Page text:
I said I wouldn’t be writing any posts for a few weeks while I completed a couple of essays, but I thought I should put up Halley’s report of a severe storm for those readers who aren’t able to follow his log entries on Twitter.
On 24 February 1700, Halley reported the weather as “squally and uncertain” and on the 26th there’s a moderate gale until 5.00pm, when:
… the Wind came to SbW fresh with much rain but before night we were forced to go under a foresale only; by Midnight we were forced to Scudd before it; the Storm encreasing till daylight with a Terrible high Sea[.] about Six this Morning a greate Sea broke in upon our Starboard quarter, and withall threw us [so] that we had likt to have oversett; the Deck being full of Water, which had a clear passage over the Gunnell, but it pleased God She wrighted again. So we handed our Foretopsaile and Scudded a hull till this day Noon; The Fury of the Storm Seeming to abate, but the Sea running Mountains high…
You’re probably used to Edmond’s plain prose by now and suspect the situation may have been more dramatic than his writing* style conveys – as dramatic, perhaps, as this account by our old friend the Reverend Henry Teonge, who entertained us at Christmas with two excited descriptions of seasonal feasts. Here, in his characteristic breathless manner, Henry writes of a storm his ship encountered off the coast of Portugal in September 1676:
[16 Sept 1676, extract] Raine, and very stormy; and the seas runn very high. At 6 in the afternoone the storm splitt our fore-sayle all into bitts, and very much rent our new maine-sayle. Wee tooke in that, and bent another maine-sayle, which was no sooner spread, but rent; so that wee were forced to lye under a mizon all that cruell night. The wind grew more stronge, and the seas more furiouse… Now wee ship severall seas; our men are all tyred with pumping and bayling. And wee expect every sea to breake our ship in peices.
[17 Sept 1676, extract] About 4 in the morning the seas groe far more outragious, and breake clearly over our quarter deck; drive our hen-cubbs over-board; and washed on[e] of our seaman cleane off the crotchett-yard. A second sea cam[e], and threw downe all our boomes; brake boath pinnace, and longe boat, on the decks. A third cam[e], and flung our anchor off the ship syd, flung the bell out of place, brake off the carving, and pulld 2 planks a sunder in the midst of the ship… Our forecastle was broake all downe longe before. Now the men are all dishartened, and all expect nothing but the losse of ship and life. Our larboard gunnhill all broake up, a whole planke almost out betweene decks; men swimming about in the wa[i]st of the ship; and greate seas often breaking over us.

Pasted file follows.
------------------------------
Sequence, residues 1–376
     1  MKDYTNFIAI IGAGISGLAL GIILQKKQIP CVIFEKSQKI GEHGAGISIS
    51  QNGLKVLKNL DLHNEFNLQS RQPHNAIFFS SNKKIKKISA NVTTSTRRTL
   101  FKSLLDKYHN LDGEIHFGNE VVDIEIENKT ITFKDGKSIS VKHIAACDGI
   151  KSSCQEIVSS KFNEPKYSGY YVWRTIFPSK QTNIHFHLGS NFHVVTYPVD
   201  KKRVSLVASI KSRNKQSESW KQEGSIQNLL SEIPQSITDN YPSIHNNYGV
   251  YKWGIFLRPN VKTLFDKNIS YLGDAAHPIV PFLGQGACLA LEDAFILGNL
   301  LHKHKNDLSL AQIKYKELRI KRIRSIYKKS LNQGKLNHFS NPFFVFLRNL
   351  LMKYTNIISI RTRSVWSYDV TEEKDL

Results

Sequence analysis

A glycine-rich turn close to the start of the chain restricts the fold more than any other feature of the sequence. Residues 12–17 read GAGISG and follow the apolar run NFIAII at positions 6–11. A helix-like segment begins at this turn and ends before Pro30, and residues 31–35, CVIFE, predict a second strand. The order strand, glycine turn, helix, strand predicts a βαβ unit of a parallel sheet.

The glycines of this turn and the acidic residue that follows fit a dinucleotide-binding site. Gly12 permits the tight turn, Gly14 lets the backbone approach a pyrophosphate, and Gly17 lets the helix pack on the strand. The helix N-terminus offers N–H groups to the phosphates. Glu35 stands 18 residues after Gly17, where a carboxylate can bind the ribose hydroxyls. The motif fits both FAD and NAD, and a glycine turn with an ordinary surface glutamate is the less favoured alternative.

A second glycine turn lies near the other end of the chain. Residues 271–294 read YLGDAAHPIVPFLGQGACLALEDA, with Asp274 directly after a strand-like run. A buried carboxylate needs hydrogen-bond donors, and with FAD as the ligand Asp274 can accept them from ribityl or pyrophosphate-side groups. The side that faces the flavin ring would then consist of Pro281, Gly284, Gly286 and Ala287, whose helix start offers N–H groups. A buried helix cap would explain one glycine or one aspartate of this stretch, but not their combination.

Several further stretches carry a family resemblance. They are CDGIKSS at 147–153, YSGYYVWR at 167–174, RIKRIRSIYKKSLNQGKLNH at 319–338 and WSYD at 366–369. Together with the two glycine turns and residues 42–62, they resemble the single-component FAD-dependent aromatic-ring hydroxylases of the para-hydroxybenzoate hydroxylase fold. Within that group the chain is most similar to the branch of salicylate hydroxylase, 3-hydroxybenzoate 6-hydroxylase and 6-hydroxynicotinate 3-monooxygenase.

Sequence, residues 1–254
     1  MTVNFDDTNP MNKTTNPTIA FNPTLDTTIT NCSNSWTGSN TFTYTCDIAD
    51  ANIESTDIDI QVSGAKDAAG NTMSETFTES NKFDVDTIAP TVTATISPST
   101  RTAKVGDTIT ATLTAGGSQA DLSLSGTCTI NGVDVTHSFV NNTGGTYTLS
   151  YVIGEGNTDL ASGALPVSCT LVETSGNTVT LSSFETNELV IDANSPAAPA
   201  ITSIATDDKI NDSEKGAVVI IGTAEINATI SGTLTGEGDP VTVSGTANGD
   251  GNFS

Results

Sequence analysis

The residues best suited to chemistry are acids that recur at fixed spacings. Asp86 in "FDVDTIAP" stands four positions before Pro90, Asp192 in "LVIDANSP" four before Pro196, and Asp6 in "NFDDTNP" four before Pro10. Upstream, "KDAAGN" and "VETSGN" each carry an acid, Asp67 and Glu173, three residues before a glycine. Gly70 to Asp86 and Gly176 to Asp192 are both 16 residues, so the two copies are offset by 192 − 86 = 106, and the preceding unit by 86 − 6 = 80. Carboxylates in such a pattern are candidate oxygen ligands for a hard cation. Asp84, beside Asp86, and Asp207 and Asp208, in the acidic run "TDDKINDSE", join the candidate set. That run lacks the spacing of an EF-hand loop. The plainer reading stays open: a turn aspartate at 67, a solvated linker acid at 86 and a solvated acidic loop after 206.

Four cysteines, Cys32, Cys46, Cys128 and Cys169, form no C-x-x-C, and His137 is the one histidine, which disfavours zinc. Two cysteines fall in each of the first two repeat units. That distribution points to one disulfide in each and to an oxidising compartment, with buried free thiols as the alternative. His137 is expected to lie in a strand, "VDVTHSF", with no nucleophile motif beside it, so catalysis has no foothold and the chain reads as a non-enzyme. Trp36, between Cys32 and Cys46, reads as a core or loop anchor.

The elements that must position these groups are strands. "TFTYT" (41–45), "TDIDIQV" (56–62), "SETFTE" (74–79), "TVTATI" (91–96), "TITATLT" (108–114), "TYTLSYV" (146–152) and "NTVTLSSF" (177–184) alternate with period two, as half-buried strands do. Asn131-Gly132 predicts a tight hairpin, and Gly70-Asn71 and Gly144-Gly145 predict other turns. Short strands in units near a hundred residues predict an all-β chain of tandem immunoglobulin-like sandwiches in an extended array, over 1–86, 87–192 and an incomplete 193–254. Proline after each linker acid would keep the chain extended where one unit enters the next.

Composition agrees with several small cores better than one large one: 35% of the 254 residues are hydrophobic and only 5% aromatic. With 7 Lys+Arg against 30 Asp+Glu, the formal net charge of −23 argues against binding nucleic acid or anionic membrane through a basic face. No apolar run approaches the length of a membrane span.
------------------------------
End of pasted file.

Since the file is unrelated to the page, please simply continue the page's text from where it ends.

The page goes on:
Happily, Henry’s “tottered ship” made it back to Deptford, where he was relieved to disembark “the rottenest frigot that ever cam to England”.
Halley’s ship didn’t suffer the damage incurred by the Assistance but his rare use of ‘God’ indicates the extremity of their situation.  His literary style may be far more measured than Henry’s, but the scene on the Paramore was perhaps similarly dramatic.
* Of course Halley is dictating the text to his clerk.
 The Diary of Henry Teonge, Chaplain On Board His Majesty’s Ships Assistance, Bristol, and Royal Oak, Anno 1675 to 1679 (London, 1825).
 Halley had a reputation for being irreligious and he only refers to ‘God’ 3 times in his logbooks, all in the second, and all when their lives are imperilled.